More than half the business professionals polled in a recent survey by PricewaterhouseCoopers said “eco-efficiency” is a high or growing priority for their business.
PwC’s poll results indicate that businesses are putting greater emphasis on efforts to drive financial savings and build a competitive advantage in the market by being more ecologically efficient and reducing their environmental impact, with 52 percent of the more than 600 business professionals surveyed ranking it as a high or growing priority.
PwC has also produced a new report, “Less can be more: better for the bottom line and the environment,” and a webcast, offering ideas for companies considering eco-efficiency strategies. “Identifying innovative cost reduction opportunities through a sustainability lens is top of mind for the C-suite,” PwC Sustainable Business Solutions practice managing director Don Reed said in a statement.
“President Obama’s recent speech on climate change heightened awareness of corporate action to reduce emissions. At the same time, companies are focusing on the significant financial benefits of improving efficiency, unlocking incentives and rebates, while delivering better environmental results for stakeholders. There are a range of financial, environmental and reputational benefits for organizations taking a more eco-efficient approach, and well-positioned companies are using sustainability initiatives to gain a competitive advantage in their markets.”
According to PwC’s survey, eco-efficiency initiatives meet multiple business objectives. More than half (54 percent) of the respondents cited cost cutting as the main objective for their companies, followed by 30 percent who cited enhancing corporate reputation, and 12 percent who cited managing risks.
“Eco-efficiency has traditionally been thought of as energy only, but companies that employ a broader strategy are finding opportunities to reduce costs and impacts for other expenses such as fuel, waste, packaging, and water,” Reed added. “By identifying opportunities across the full organization and taking advantage of the financial incentives offered by governments and utilities, companies can quickly realize direct and indirect financial savings. Beyond the cost focus, company leaders are looking at other motivating factors including strengthened reputation, reduced risk and improved customer and employee experience.”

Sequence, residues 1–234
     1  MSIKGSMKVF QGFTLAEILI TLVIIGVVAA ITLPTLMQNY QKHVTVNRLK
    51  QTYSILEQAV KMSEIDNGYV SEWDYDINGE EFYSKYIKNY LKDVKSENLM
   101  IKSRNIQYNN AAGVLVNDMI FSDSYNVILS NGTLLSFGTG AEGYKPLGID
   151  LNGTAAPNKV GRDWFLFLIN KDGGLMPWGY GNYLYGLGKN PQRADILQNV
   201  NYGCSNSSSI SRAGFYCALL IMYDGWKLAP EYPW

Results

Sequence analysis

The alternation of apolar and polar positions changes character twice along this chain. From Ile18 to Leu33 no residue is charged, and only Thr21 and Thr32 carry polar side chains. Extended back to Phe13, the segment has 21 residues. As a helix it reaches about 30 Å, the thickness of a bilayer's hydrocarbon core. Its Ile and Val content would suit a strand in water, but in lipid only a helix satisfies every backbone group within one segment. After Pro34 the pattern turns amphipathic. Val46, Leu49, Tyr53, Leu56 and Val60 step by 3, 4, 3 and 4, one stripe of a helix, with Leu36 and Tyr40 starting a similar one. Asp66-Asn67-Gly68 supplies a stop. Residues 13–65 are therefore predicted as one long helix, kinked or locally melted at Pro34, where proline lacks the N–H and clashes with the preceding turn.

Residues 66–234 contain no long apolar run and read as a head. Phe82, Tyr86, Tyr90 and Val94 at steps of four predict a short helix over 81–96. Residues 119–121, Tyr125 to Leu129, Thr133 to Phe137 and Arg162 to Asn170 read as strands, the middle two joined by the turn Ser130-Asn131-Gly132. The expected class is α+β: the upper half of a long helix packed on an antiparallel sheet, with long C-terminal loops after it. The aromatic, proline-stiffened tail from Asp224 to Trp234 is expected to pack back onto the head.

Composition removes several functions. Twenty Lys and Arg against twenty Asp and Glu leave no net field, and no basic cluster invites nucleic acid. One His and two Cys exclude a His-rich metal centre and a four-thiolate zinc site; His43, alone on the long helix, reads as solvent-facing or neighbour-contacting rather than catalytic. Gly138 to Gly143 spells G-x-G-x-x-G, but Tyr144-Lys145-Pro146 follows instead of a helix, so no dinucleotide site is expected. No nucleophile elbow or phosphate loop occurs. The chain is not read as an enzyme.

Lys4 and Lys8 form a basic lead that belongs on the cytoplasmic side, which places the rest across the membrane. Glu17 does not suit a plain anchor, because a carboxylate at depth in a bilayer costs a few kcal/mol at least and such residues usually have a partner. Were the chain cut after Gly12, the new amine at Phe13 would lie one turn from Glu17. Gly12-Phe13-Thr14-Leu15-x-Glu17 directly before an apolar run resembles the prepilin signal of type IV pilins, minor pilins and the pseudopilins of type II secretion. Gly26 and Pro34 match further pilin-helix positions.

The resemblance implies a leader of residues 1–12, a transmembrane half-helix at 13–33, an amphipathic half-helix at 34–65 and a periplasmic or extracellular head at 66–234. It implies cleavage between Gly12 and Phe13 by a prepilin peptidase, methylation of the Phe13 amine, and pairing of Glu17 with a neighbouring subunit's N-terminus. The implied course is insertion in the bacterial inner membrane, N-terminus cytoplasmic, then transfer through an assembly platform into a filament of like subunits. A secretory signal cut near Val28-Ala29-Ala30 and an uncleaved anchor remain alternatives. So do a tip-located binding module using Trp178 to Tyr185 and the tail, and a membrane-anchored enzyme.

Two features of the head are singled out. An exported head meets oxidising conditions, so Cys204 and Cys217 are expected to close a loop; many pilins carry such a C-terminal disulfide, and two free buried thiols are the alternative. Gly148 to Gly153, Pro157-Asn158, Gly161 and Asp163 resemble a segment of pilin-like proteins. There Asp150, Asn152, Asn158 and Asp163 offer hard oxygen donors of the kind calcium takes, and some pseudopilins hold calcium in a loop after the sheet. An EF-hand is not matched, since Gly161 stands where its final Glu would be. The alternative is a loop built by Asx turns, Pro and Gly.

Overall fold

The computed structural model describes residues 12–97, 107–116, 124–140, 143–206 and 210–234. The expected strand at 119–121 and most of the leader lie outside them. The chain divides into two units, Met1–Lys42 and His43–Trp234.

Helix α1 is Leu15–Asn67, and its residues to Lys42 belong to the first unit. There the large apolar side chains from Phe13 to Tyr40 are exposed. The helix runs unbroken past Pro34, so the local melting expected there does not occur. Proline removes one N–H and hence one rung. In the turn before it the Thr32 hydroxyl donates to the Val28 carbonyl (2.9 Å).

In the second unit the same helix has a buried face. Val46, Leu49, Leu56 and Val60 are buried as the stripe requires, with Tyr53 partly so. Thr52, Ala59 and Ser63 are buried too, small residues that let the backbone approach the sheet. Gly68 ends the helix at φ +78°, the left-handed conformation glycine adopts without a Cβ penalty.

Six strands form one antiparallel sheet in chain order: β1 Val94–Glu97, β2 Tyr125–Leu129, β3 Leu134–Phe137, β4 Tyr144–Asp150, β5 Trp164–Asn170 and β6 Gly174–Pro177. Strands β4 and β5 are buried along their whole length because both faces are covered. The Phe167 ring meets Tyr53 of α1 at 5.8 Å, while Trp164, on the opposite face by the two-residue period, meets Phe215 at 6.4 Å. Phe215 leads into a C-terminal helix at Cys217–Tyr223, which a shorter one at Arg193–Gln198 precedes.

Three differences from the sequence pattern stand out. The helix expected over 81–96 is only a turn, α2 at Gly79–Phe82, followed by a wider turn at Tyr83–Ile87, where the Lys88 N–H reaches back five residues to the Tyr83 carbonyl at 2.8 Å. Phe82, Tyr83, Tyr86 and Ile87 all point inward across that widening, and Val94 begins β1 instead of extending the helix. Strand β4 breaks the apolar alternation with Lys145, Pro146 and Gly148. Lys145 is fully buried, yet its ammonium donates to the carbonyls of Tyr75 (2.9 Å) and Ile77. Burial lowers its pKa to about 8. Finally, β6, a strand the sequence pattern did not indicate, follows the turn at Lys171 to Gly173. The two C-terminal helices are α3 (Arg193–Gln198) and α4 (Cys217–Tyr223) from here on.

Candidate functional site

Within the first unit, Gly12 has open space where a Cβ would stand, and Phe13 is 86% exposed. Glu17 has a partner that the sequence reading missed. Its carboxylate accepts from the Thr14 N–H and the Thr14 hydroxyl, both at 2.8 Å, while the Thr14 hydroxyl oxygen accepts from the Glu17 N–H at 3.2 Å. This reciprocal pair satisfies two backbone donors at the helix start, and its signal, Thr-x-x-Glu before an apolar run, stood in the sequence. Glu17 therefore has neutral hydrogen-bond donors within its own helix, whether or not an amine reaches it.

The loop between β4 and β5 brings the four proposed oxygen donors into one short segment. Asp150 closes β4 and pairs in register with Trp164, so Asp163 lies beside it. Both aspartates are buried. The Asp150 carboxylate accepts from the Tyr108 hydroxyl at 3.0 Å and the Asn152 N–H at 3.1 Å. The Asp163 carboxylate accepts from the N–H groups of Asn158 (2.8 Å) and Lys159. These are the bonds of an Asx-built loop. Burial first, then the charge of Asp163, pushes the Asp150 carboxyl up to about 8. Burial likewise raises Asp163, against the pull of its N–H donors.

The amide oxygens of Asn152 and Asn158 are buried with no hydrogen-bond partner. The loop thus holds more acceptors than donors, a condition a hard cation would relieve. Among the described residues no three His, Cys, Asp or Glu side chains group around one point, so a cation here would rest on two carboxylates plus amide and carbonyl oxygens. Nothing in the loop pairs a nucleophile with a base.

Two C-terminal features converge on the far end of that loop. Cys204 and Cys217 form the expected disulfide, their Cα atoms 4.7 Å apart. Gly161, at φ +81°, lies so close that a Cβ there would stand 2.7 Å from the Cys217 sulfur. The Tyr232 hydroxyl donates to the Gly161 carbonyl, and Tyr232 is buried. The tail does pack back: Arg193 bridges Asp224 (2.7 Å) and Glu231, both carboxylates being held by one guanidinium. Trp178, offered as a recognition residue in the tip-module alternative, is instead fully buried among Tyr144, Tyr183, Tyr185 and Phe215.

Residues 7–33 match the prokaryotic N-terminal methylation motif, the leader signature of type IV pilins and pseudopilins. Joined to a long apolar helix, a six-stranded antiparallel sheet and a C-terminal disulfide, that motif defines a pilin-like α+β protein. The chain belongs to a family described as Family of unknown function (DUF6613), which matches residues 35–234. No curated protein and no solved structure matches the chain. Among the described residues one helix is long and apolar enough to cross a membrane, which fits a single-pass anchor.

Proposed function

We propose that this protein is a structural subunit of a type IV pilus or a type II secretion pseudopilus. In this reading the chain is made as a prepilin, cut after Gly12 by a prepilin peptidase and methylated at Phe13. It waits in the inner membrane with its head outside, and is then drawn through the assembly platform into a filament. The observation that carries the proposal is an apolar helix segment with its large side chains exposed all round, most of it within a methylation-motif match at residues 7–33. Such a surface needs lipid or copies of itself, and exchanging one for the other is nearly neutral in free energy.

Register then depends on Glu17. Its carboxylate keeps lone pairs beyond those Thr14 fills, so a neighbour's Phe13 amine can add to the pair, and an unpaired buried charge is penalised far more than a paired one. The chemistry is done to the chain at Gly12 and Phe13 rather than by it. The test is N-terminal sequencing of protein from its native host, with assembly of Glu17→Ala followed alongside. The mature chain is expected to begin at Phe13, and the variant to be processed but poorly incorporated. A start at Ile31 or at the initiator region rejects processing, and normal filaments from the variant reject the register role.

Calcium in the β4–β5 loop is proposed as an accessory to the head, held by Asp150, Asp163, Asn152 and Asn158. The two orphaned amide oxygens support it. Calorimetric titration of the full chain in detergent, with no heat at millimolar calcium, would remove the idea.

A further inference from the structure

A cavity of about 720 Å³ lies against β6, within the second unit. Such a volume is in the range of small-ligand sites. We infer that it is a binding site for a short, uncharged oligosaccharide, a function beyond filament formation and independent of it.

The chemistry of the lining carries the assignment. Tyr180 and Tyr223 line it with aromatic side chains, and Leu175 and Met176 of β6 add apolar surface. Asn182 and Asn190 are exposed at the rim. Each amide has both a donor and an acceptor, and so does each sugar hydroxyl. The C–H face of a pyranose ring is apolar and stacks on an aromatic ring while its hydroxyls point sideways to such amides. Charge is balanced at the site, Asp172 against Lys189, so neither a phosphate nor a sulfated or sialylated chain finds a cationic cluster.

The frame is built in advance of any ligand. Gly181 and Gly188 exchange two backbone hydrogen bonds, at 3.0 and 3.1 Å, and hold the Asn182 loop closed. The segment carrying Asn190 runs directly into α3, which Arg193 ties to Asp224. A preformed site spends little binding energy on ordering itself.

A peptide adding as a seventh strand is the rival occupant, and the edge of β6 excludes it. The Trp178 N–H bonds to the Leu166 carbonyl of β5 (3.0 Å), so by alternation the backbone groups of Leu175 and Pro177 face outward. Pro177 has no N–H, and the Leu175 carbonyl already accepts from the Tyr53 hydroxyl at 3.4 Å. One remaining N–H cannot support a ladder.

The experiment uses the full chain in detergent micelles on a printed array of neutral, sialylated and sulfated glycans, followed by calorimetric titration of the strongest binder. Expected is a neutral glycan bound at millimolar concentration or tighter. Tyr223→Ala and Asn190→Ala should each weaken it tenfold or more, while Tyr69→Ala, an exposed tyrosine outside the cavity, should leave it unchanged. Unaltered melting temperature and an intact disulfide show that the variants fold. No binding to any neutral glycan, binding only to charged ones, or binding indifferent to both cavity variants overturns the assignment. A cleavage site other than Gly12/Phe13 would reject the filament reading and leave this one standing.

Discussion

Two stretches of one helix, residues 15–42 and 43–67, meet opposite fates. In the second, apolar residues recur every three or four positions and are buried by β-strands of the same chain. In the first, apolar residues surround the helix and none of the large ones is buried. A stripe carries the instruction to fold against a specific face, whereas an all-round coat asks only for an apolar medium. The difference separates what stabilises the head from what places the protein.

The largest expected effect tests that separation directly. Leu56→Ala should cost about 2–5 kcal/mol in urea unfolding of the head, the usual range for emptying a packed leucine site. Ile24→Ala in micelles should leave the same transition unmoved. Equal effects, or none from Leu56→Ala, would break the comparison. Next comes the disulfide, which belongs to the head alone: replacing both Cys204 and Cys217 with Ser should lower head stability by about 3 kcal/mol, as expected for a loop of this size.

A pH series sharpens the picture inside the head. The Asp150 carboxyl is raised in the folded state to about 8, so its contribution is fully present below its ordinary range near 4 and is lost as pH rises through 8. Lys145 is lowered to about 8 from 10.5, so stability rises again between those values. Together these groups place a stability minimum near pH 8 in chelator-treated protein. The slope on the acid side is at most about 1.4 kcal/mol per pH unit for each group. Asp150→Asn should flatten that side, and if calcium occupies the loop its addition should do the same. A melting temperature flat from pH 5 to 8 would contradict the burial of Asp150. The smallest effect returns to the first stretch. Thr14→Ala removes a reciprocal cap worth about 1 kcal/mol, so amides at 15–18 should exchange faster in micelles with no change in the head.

Changes in behaviors, processes and materials are an important component in implementing eco-efficiency initiatives, but companies can best achieve other goals through investment, according to PwC. More than a third of respondents (38 percent) said funding is one of the main barriers to making eco-efficiency a reality in their own organizations. Beyond funding, management support (21 percent) and internal capability (21 percent) emerged as additional obstacles.
To secure funding for eco-efficiency programs, companies should look at additional cash benefits including utility rebates, maintenance savings and government incentive programs, PwC noted. Some utility providers may cover or subsidize capital costs for new equipment that is energy efficient. Likewise, the federal government and many state or local governments provide tax credits, cash grants or loans to spur the adoption of renewable energy, according to PwC.
When it comes to areas where executives see room for improvement in their eco-efficiency strategies, energy usage (52 percent) and waste (27 percent) are the top categories where respondents think their own companies could be doing more. Opportunities to implement eco-efficiency initiatives vary, but common areas that are ripe for returns include lighting, on-site solar, fleets, water, and raw materials, according to PwC.
“Being more efficient and reducing environmental impacts means thinking and acting differently and companies need to learn how to understand and measure benefits of their eco-efficiency initiatives to really maximize the value and returns,” said Reed.